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Russell Barnett Ford of Tullahoma, Inc. v. H&S Bakery, Inc.

United States District Court, E.D. Tennessee, Winchester

August 2, 2019

H&S BAKERY, INC. d/b/a H&S BAKERY and JONBER ASSOCIATES, INC., Defendants/Counter-Plaintiff.

          Steger, Magistrate Judge.



         This dispute arises out of a commercial-vehicle sale gone awry. Unbeknownst to the seller and buyer, a third party hacked into the seller's email account and sent fraudulent wiring instructions to the buyer. The buyer then wired the purchase money to the hacker's account, instead of the seller's account. The Plaintiff seller, Russell Barnett Ford of Tullahoma, Inc. (“Plaintiff”), has sued the two parties it characterizes as the buyer, seeking to recover the purchase money. (Doc. 1 [Compl.].) Defendants, H&S Bakery, Inc. d/b/a H&S Bakery (“H&S Bakery”) and Jonber Associates, Inc. (“Jonber”; collectively with H&S Bakery, “Defendants”), have moved for partial dismissal of the Complaint. (Doc. 22.) H&S Bakery moves to dismiss all of the claims against it on the grounds that it was not a party to the sale. Jonber concedes it was the buyer and moves to dismiss only the tort claims against it. Plaintiff has responded in opposition to the motion (Doc. 28), and Defendants have replied. (Doc. 29.) For the reasons set out below, the Court will GRANT the motion for partial dismissal.

         I. BACKGROUND[1]

         Plaintiff operates a vehicle dealership in Tullahoma, Tennessee. (Doc. 1 [Compl.] ¶ 7.) H&S Bakery operates a bakery and delivery service in Baltimore, Maryland. (Id. ¶ 9.) In 2016, Plaintiff contracted with H&S Bakery for the construction and sale of seven bread trucks. (Id. ¶ 12.) H&S Bakery received the trucks in February 2017 and paid Plaintiff by check. (Id.)

         In December 2017, Bob Trewyn, an employee of Plaintiff, prepared a Customer Proposal (the “Proposal”) to H&S Bakery for the construction and sale of forty-eight additional bread trucks for $55, 433.70 per vehicle, or a total of $2, 660, 817.60. (Id. ¶¶ 8, 14-15; Doc. 1-1 [Proposal] at 9.) The bottom of each substantive page of the Proposal contains the following disclaimer: “Prices and content availability as shown are subject to change and should be treated as estimates only. Actual base vehicle, package and option pricing may vary from this estimate because of special local pricing, availability or pricing adjustments not reflected in the dealer's computer system.” (Doc. 1-1 [Proposal] at 4-8.)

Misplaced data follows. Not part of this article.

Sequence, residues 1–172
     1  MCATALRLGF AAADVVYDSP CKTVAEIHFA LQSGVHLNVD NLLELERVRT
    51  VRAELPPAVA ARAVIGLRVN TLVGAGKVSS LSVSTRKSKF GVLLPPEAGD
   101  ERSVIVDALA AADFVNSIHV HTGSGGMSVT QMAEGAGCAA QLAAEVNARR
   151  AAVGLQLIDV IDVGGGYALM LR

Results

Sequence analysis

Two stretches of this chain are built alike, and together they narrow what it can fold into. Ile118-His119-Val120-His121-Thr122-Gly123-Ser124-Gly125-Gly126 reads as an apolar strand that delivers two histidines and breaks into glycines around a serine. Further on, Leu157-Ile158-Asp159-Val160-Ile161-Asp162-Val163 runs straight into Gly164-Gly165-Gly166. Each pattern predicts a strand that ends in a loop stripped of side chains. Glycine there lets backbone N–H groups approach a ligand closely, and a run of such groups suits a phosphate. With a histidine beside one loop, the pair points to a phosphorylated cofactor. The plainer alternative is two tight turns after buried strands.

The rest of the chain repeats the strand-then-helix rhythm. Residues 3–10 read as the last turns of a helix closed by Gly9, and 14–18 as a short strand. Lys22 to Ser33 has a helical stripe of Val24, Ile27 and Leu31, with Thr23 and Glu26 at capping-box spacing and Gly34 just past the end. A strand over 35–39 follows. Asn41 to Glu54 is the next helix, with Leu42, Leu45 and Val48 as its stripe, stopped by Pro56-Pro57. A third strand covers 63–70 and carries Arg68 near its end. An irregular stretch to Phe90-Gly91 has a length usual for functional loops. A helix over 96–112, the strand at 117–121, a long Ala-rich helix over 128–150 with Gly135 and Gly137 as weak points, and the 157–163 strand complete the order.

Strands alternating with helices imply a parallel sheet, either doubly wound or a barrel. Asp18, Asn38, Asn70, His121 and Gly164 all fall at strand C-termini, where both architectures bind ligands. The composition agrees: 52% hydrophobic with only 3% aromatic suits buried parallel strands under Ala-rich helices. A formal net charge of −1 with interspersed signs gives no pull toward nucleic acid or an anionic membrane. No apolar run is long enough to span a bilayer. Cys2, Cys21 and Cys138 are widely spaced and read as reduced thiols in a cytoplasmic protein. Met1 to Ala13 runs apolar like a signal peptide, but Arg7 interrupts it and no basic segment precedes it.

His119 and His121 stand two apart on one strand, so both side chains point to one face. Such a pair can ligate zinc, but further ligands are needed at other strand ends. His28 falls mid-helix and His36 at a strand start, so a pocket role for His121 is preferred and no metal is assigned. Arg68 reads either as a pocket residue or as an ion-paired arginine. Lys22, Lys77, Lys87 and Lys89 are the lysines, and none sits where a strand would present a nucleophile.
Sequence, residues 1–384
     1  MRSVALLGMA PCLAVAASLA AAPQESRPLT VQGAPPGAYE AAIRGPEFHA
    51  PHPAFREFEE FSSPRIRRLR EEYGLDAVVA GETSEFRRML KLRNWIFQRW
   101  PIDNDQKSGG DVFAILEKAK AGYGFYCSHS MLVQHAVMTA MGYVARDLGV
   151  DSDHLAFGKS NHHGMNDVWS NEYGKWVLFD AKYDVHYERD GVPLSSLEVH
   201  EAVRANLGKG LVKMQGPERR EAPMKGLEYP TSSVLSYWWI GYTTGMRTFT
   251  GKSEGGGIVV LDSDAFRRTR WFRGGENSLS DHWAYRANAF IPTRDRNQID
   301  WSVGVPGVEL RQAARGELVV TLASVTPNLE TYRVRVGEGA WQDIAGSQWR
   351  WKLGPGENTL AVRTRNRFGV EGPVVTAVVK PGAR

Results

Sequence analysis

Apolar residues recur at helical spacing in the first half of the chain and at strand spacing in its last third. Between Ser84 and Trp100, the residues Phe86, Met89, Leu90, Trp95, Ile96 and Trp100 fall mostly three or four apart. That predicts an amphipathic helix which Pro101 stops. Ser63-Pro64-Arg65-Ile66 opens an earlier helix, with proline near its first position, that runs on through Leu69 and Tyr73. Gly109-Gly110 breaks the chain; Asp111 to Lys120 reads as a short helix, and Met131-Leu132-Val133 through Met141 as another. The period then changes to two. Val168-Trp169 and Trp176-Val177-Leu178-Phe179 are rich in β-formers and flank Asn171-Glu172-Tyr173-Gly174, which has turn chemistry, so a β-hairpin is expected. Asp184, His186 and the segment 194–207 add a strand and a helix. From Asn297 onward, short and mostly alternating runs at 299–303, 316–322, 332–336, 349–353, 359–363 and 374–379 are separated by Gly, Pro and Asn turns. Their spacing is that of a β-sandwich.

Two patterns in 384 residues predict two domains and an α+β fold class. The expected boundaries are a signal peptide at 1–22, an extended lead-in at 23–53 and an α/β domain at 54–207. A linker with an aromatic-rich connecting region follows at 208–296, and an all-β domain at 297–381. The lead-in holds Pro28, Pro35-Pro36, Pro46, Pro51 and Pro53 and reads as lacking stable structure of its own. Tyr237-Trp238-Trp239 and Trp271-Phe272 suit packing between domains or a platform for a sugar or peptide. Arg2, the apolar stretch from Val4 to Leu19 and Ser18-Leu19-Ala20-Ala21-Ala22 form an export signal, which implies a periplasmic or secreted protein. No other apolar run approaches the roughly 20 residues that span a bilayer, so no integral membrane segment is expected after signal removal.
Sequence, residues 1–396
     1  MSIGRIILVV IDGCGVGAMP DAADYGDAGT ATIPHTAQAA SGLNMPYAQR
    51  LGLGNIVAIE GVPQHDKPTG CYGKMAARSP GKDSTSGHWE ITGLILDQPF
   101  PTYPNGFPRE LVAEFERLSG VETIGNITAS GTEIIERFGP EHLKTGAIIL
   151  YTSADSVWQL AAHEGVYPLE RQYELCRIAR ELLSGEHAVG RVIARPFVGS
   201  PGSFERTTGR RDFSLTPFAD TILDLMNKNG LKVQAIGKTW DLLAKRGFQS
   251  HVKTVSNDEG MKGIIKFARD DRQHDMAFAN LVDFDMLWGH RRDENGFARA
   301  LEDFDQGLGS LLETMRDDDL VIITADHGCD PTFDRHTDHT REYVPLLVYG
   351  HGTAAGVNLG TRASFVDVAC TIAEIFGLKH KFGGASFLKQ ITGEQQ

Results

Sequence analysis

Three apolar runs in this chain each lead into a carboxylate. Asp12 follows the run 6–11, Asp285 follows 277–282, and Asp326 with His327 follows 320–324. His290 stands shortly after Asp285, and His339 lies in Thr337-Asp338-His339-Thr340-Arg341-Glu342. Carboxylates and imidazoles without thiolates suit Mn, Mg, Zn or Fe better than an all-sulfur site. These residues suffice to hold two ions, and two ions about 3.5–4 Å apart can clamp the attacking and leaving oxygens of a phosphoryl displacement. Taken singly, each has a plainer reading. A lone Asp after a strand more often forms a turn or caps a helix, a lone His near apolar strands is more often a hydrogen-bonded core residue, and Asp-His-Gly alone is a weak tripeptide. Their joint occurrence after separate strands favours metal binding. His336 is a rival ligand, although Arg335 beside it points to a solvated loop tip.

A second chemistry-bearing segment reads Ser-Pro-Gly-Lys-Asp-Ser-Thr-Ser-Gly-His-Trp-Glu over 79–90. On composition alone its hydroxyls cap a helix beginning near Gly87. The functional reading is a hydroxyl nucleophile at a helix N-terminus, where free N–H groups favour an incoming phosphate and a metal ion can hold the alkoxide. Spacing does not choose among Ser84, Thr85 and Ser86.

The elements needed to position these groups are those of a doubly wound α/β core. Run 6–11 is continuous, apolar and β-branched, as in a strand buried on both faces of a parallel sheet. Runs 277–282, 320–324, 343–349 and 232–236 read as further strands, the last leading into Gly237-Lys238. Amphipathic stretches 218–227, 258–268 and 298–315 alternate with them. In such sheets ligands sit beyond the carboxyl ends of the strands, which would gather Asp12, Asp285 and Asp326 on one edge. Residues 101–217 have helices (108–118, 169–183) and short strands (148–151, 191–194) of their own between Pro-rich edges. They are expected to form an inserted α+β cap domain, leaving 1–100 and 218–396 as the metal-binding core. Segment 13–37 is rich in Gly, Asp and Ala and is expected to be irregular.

The Proposal states that it was prepared for Chuck Paterakis of H&S Bakery. (Id. at 1.) Paterakis, who is Vice President of Logistics for H&S Bakery, signed the Proposal on January 10, 2018. (Doc. 1 [Compl.] ¶¶ 10, 15; Doc. 1-1 [Proposal] at 9-10.) Paterakis asked, however, that the sale be made to H&S Distribution LLC (“H&S Distribution”), not H&S Bakery. (Doc. 1 [Compl.] ¶ 16.) The name and address of H&S Distribution are handwritten on the Proposal. (Id.; Doc. 1-1 [Proposal] at 9.)

         Plaintiff and H&S Distribution later agreed to split the transaction into two deliveries of twenty-four vehicles each in April and May of 2018 (the “April Purchase” and “May Purchase, ” respectively). (Doc. 1 [Compl.] ¶ 17; Doc. 1-4 [April 2, 2018 Letter].) This was confirmed in a letter from Trewyn addressed to Paterakis for H&S Distribution. (Doc. 1-4 [April 2, 2018 Letter].) The per-vehicle price was $55, 733.70, three hundred dollars more per vehicle than had been stated in the Proposal. (Compare Doc. 1-4 [April 2, 2018 Letter] with Doc. 1-1 [Proposal] at 7.) Each of the two purchases was to be for $1, 337, 608.80. (Doc. 1 [Compl.] ¶ 17.)